Recently the Centers for Disease Control and Prevention released two reports on alpha-gal syndrome (AGS), a little-known, life-threatening food allergy also known as the “red meat allergy.” The reports showed:
- The prevalence is on the rise and underdiagnosed.
- Nearly half of U.S. physicians were unaware of AGS and many revealed a “lack of confidence” in diagnosing and managing the condition.
AGS is primarily associated with the bite of a Lone Star tick found in the Southeastern and Eastern states. The Lone Star tick transmits a sugar molecule called alpha-gal into the body and in some people, this triggers an immune system reaction that later produces allergic reactions when they eat red meat. This can include beef, pork, rabbit, lamb, or venison and some products made from mammals like cheese, milk, other dairy products, and gelatin. Although people in all age groups can get AGS, most cases reported occur in adults.
Reactions can vary in severity and often take hours to develop, whereas allergic reactions to other foods usually develop immediately. This delay has led to difficulty in connecting the food to the reaction and why researchers believe the condition was overlooked until recent years.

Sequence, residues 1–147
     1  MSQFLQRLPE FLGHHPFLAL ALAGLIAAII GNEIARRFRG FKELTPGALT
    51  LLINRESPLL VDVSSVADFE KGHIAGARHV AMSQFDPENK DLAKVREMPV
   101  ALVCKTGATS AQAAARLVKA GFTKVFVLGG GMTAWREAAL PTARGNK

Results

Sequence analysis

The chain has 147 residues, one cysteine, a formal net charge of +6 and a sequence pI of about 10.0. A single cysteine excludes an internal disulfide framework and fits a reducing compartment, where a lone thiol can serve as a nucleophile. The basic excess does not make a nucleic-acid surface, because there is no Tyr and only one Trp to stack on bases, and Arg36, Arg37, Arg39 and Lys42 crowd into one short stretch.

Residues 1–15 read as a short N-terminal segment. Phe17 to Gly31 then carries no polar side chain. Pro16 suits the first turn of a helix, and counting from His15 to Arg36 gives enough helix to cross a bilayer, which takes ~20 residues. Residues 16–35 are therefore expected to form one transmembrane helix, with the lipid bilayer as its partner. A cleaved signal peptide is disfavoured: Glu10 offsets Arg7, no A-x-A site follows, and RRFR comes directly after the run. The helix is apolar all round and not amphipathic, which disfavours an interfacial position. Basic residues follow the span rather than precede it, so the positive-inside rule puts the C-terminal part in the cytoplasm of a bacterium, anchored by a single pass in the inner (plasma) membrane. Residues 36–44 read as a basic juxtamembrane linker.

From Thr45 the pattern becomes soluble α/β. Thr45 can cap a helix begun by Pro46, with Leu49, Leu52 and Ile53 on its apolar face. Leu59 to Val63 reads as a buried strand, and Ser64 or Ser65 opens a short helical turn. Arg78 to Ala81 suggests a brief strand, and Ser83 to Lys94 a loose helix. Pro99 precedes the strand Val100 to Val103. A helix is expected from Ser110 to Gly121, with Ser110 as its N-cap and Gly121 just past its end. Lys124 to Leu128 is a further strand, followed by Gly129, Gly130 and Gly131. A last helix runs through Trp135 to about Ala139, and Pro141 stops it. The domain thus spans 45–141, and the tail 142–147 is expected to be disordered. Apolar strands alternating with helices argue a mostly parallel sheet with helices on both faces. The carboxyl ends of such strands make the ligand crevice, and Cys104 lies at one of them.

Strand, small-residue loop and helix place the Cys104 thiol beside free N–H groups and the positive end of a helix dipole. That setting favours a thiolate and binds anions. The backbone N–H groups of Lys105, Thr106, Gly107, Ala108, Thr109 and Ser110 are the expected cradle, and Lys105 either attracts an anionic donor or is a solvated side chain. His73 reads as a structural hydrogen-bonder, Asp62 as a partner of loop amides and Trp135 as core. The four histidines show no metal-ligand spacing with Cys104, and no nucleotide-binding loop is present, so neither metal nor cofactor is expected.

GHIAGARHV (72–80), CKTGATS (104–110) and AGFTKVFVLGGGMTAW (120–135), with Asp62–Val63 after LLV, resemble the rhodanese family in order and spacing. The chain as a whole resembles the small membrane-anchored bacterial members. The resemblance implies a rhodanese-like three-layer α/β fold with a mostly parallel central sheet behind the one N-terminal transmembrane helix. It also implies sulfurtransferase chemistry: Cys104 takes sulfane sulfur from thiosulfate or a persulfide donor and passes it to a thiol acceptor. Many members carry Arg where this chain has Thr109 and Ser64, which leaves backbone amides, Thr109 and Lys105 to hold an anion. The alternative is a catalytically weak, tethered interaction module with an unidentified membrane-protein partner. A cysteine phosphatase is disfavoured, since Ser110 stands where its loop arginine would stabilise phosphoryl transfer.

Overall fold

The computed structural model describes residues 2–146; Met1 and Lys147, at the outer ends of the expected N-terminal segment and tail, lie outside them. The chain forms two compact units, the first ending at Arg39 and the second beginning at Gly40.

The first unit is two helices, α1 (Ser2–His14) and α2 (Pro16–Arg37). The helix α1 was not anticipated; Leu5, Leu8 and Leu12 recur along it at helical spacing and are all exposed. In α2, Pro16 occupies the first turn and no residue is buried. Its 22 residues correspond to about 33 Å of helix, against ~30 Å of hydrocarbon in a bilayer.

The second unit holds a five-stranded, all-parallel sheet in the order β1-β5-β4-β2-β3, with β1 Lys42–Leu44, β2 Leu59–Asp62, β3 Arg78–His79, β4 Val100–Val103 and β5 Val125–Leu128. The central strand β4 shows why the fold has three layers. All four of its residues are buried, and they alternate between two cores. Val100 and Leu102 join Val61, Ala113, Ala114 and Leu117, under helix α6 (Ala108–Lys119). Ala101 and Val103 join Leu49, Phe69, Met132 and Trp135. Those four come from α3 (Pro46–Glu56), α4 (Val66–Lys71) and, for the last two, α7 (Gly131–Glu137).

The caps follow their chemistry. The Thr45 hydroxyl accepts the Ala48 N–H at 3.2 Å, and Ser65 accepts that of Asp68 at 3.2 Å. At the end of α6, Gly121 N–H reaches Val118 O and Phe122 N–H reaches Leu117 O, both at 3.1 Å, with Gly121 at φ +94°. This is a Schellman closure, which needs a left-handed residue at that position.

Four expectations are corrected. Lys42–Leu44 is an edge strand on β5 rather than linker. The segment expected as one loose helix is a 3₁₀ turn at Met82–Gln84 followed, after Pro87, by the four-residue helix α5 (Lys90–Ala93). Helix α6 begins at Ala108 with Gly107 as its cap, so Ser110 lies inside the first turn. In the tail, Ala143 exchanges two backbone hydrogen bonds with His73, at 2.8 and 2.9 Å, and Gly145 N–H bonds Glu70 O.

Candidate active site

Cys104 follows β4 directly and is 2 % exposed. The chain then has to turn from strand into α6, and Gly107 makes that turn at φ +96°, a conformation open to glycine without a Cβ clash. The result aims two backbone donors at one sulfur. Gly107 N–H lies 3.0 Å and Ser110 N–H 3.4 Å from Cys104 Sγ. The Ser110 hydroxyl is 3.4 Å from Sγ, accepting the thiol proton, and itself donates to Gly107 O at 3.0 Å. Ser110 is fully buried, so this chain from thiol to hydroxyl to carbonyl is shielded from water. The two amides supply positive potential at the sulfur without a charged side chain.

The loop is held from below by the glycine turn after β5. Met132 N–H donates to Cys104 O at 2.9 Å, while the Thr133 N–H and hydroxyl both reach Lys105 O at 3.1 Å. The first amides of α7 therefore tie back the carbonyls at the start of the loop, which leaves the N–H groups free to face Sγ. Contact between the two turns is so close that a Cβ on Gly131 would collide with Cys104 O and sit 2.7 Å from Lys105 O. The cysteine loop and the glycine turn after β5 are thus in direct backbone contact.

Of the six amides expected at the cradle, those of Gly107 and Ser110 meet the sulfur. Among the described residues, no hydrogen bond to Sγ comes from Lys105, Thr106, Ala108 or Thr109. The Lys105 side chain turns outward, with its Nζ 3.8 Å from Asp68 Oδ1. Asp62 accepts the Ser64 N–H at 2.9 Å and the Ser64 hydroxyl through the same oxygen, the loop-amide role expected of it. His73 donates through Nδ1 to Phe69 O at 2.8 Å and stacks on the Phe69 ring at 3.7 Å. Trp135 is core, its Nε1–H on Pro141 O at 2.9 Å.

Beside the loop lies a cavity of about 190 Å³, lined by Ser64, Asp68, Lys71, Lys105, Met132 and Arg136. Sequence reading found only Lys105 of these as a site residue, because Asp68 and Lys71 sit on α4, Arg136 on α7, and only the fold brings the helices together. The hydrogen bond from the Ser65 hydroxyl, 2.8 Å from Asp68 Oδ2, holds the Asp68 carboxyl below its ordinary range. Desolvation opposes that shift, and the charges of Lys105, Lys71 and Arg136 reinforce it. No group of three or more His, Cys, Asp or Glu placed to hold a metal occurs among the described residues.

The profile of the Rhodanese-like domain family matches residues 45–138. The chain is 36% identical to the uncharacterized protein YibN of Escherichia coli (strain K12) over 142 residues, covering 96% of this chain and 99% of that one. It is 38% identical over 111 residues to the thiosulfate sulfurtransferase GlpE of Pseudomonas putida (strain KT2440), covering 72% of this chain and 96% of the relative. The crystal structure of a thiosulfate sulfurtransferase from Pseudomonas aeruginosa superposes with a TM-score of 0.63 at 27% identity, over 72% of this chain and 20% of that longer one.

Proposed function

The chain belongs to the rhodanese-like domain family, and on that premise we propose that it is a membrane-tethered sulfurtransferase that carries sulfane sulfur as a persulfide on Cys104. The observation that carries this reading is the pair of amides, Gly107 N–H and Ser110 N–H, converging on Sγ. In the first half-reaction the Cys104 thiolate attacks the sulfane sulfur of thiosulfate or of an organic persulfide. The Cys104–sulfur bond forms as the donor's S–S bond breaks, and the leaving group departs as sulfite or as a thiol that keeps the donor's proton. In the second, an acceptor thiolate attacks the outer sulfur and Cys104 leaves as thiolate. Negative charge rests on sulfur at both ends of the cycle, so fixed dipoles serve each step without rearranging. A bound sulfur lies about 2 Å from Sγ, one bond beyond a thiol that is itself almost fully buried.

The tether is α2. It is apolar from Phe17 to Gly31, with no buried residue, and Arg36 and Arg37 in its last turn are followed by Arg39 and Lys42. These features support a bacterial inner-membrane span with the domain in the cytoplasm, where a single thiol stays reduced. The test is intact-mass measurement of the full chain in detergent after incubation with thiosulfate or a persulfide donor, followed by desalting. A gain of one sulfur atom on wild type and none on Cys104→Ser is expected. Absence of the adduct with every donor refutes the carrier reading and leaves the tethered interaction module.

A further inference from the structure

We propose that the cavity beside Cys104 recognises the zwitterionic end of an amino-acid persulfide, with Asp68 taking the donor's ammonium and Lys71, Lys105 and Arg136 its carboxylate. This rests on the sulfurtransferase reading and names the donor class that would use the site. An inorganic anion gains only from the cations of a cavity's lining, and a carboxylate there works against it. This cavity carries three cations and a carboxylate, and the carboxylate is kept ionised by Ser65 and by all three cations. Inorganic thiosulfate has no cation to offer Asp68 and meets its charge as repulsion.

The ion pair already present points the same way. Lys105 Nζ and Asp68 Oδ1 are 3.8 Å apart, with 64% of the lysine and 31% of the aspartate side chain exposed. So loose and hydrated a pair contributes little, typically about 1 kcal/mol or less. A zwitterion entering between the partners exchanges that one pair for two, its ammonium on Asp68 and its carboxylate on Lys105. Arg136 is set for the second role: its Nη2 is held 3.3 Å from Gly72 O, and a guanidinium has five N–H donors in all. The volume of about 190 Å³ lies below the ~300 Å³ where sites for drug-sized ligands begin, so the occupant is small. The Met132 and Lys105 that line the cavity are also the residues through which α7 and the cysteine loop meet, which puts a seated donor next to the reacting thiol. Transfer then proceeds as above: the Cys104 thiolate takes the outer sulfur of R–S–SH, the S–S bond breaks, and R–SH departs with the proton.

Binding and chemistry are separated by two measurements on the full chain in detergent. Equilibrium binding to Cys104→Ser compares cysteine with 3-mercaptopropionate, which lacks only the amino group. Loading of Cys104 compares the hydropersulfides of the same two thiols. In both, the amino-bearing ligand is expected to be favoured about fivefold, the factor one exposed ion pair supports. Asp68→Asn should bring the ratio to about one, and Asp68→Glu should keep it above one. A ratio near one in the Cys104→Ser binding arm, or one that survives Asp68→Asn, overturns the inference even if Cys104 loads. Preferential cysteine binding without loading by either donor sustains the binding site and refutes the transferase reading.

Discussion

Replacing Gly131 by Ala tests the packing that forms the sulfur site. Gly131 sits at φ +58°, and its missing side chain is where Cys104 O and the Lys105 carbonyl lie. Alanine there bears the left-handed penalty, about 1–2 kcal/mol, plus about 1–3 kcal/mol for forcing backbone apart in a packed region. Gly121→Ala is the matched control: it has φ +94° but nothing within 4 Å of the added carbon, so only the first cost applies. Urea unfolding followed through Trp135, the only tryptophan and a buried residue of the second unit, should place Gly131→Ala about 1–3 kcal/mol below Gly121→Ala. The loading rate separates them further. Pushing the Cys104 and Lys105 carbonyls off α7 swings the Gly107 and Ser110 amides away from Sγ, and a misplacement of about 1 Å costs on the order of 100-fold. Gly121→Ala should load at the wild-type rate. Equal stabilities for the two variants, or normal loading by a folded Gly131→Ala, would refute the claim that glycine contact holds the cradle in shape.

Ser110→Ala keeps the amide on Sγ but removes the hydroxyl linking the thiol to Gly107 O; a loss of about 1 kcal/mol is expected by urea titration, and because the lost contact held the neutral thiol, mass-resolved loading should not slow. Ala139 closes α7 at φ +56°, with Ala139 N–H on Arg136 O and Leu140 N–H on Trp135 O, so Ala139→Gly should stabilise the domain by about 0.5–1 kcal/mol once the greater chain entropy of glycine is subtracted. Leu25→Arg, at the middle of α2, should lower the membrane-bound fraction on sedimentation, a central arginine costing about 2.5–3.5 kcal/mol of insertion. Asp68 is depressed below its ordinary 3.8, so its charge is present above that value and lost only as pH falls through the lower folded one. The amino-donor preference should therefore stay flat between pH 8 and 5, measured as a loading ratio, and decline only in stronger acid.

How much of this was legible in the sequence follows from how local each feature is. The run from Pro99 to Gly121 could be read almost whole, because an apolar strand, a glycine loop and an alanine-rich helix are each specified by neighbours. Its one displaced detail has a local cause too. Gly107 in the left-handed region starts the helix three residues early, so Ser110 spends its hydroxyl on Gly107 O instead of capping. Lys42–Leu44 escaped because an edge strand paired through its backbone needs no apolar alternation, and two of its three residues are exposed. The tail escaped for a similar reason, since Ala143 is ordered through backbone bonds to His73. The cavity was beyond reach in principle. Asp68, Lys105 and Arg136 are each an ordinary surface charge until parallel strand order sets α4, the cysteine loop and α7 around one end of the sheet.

“Alpha-Gal allergy is one of the most difficult diagnoses seen by allergists,” says Stanley Fineman, M.D., allergist with Atlanta Allergy & Asthma. “Symptoms can be variable and can be life-threatening, so it is important to see an experienced allergist to get an accurate diagnosis when a reaction to any food is suspected.”
Fineman went on to say that the increase in cases reported in the studies is consistent in what they have seen in their practice over the several years. Allergists make the diagnosis, which is confirmed by a blood test, by performing a clinical exam and symptom discussion.
The CDC believes cases of AGS are underreported and cite lack of access to a board-certified allergist in some areas of the country as one of the reasons.
AGS treatment includes patients avoiding foods with alpha-gal and taking medications to manage symptoms that may occur with accidental exposure. In many cases, injectable epinephrine will be prescribed.
Symptoms may lessen or disappear over time, especially if the patient doesn’t get additional tick bites. New tick bites may reactivate allergic reactions to alpha-gal.